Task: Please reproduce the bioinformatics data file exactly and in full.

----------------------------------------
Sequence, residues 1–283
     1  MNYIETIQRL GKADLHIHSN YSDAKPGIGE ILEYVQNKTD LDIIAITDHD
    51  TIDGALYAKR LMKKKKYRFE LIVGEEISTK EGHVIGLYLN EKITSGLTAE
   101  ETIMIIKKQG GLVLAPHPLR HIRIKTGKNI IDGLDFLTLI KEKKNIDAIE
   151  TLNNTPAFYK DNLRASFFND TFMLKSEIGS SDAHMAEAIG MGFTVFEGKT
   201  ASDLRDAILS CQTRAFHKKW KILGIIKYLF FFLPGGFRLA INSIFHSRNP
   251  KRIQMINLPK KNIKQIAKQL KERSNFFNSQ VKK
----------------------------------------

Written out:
Sequence, residues 1–283
     1  MNYIETIQRL GKADLHIHSN YSDAKPGIGE ILEYVQNKTD LDIIAITDHD
    51  TIDGALYAKR LMKKKKYRFE LIVGEEISTK EGHVIGLYLN EKITSGLTAE
   101  ETIMIIKKQG GLVLAPHPLR HIRIKTGKNI IDGLDFLTLI KEKKNIDAIE
   151  TLNNTPAFYK DNLRASFFND TFMLKSEIGS SDAHMAEAIG MGFTVFEGKT
   201  ASDLRDAILS CQTRAFHKKW KILGIIKYLF FFLPGGFRLA INSIFHSRNP
   251  KRIQMINLPK KNIKQIAKQL KERSNFFNSQ VKK